Atomic Object is opening a second office. That’s a big deal for Atomic, as it’s our first expansion beyond Grand Rapids, and a big deal for me, keen as I am on the issues of size, quality and culture. We chose Detroit for this expansion, for reasons I blogged about on Spin. What I’d like to share here is the approach we’re taking to establishing a new office.
Growth without growing
Atomic is good at what it does. Ten years of consistent, organic growth, happy customers, successful projects, regular innovation, and a deep talent pool prove it. We create a lot of value for our clients. Since we can create value and generate wealth, I feel we have a moral obligation to do so. This obligation doesn’t always align with my personal interests, however. I like the way Atomic is, and operates, in the range of 30-35 people.
Because Atomic is an innovation services firm, our capacity to help clients is strictly limited by how many people we employ. Our culture, facilities, business practices, and flat organization wouldn’t scale indefinitely, and are a critical part of why we’re good at what we do. The name of this blog reflects the tension between opportunity, growth, and excellence.
In the last five years I’ve watched many of Atomic’s peers expand by opening offices in new cities. Last year we decided it was time for Atomic to follow suit. Somewhat ironically, I characterize our strategy as “growth without growing”.
From the stories I’ve heard, the approach of consultancies opening new offices ranges from the extremely ad-hoc (“just move there and hire some guys”) through a level of control and planning bordering on franchising. The questions are legion. Promote from within or hire new leadership? New company, same company, a division? Shared or separate P&L? Local or centralized governance? Who vets new employees? Buy, lease, or rent temp space? What about the website? Uniform or market-dependent rates? And that’s just the beginning.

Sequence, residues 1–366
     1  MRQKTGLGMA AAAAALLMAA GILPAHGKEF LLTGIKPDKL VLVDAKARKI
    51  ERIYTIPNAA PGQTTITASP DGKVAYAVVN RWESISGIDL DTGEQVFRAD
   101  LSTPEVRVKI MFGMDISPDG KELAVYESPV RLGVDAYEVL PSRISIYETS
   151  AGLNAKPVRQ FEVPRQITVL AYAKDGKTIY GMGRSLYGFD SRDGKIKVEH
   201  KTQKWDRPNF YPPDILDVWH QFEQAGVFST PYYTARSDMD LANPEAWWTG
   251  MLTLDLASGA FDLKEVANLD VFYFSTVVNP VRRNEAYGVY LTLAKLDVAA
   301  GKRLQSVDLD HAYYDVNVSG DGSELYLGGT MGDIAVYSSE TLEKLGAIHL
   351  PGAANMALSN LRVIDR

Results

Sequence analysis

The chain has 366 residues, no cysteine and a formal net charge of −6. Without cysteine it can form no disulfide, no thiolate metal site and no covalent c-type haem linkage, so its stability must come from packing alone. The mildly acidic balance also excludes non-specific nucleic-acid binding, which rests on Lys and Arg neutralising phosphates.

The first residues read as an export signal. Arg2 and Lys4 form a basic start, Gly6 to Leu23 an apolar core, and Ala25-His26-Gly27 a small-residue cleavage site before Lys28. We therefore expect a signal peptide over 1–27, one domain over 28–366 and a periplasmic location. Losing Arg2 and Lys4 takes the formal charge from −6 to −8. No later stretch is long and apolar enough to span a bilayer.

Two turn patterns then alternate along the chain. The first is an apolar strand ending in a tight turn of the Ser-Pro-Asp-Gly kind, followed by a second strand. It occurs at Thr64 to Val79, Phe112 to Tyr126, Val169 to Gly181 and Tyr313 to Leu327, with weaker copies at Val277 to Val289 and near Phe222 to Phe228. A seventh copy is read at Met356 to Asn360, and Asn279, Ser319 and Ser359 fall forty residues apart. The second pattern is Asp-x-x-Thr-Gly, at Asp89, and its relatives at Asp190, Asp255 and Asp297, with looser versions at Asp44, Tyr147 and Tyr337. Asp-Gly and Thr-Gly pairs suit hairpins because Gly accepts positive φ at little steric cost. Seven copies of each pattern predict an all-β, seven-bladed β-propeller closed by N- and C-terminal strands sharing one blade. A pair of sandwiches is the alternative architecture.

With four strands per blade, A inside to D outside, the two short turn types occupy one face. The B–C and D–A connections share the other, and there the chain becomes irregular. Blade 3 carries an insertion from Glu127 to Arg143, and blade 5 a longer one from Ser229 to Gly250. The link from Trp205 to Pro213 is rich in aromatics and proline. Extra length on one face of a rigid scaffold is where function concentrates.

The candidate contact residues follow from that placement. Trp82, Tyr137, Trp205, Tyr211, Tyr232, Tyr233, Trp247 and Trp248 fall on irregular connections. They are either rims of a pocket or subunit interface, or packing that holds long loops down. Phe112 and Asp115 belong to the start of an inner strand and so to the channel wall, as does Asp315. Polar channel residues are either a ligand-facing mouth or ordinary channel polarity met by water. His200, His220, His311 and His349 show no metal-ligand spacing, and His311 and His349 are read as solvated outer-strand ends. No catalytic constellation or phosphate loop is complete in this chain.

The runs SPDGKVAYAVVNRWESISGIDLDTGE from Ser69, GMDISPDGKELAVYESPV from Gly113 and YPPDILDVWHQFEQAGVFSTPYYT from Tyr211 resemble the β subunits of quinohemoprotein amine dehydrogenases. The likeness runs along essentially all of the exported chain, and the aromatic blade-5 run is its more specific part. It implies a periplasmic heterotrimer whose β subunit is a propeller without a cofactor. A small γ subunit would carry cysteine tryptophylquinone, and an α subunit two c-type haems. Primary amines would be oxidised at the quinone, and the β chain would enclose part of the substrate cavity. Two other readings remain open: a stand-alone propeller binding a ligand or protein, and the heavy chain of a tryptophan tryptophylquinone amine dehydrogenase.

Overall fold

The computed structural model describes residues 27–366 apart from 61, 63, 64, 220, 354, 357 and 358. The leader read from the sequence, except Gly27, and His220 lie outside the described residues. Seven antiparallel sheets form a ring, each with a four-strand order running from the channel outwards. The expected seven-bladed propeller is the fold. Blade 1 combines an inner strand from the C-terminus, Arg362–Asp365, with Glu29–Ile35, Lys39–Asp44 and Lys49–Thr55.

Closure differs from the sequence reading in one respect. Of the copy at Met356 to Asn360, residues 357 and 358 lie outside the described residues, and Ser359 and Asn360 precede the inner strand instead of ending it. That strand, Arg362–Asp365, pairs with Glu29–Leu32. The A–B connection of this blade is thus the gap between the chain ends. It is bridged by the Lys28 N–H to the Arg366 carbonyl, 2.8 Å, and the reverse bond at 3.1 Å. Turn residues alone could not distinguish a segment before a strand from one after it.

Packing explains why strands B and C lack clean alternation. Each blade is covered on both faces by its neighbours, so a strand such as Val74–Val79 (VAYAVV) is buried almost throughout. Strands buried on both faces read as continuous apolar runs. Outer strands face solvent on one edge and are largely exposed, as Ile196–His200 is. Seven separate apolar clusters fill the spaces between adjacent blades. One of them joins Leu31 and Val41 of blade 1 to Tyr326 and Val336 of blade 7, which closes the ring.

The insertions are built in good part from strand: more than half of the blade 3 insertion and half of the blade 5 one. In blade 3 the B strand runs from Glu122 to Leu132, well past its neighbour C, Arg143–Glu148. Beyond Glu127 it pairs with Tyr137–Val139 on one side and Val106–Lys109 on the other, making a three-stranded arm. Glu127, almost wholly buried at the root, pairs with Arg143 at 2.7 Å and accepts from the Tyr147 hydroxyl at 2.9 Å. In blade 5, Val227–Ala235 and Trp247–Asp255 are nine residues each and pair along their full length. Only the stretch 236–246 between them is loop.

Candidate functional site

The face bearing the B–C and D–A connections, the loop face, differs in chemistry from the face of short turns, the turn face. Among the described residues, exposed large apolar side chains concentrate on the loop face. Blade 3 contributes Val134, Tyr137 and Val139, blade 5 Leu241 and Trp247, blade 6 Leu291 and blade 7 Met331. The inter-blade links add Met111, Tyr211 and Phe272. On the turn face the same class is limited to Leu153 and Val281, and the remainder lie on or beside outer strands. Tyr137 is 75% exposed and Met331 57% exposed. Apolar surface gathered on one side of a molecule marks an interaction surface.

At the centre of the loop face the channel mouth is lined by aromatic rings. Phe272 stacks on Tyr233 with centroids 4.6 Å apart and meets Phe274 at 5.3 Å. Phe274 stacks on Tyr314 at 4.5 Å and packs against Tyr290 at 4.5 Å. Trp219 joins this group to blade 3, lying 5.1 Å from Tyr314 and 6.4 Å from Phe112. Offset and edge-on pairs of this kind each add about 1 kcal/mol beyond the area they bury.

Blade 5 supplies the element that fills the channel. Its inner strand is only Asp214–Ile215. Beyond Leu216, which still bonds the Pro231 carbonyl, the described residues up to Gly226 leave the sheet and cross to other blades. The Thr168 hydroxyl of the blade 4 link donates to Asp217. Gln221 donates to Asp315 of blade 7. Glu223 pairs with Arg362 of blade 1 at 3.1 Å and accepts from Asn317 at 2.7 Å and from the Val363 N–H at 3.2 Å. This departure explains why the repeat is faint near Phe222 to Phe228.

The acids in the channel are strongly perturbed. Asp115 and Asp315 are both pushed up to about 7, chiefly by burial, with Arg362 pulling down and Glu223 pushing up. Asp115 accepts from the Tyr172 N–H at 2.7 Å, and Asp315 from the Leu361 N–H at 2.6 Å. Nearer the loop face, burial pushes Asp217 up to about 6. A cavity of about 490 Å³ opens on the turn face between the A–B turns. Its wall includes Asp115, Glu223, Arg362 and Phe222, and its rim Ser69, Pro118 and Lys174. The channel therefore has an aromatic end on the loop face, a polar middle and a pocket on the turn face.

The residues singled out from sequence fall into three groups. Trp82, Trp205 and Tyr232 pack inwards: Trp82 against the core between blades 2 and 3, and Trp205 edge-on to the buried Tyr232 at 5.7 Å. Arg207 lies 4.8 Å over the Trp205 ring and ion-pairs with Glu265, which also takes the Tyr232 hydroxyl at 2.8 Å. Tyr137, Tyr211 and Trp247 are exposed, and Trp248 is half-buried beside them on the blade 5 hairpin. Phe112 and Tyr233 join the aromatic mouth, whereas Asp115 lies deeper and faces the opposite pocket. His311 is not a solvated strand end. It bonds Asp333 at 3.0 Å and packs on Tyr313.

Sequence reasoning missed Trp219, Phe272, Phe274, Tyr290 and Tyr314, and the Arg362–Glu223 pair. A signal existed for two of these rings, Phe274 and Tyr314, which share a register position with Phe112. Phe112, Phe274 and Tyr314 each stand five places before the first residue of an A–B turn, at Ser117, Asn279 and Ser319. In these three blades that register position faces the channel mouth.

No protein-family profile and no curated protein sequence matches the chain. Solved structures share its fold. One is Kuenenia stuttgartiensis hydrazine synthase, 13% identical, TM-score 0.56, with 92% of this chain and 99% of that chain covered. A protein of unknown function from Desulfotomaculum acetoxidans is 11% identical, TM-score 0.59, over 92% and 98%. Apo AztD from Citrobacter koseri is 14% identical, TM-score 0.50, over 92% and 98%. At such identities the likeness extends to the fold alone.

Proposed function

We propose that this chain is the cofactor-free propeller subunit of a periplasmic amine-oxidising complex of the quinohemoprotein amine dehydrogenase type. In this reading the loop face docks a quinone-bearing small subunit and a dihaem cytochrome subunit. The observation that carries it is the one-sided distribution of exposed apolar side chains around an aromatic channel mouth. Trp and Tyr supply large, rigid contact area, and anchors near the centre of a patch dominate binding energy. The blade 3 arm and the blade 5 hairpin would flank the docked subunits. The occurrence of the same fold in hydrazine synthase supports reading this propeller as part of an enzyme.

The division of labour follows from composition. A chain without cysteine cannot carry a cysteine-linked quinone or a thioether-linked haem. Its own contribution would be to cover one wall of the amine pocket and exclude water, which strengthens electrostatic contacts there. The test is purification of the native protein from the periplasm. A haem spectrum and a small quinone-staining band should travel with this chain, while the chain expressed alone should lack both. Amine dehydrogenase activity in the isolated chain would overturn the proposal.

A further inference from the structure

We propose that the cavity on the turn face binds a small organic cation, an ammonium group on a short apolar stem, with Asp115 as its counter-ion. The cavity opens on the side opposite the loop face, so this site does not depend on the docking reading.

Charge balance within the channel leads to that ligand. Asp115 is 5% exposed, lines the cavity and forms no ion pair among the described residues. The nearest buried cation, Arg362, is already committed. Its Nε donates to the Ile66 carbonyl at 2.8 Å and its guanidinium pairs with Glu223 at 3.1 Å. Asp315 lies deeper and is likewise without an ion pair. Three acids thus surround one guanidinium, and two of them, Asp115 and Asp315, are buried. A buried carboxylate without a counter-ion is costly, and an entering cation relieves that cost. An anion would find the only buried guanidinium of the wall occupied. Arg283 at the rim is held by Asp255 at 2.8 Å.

After researching, investigating, analyzing, modeling and debating the various issues and options, Mike and Shawn crafted a plan for expanding Atomic to Detroit. With this plan they identified a simple principal to guide us in the many decisions that need to be made. I dubbed this principal “extension and autonomy”. Like our value mantras, we’ll keep this idea ready at hand and use it to guide us in daily decisions about our new office. It should be the framework we use to make (or not make) decisions.
We’re extending many aspects of Atomic to the new office: the name, the brand, our business engagement model, the services we offer, how we treat employees, our value mantras and what they mean to us, how we market, core business practices, our ownership plan, a shared income statement, profit sharing, etc. By extending the essential core of Atomic to a second office we’re vesting an incredible amount of trust in the managing partner of that office and all its future employees. We’re trusting them to represent us to the world, to uphold our values — in short, to be Atomic. Given how hard we’ve worked to create our company, and what Atomic means to some of us individually, this is a heavy level of trust. In fact, to me at least, it’s a sacred trust.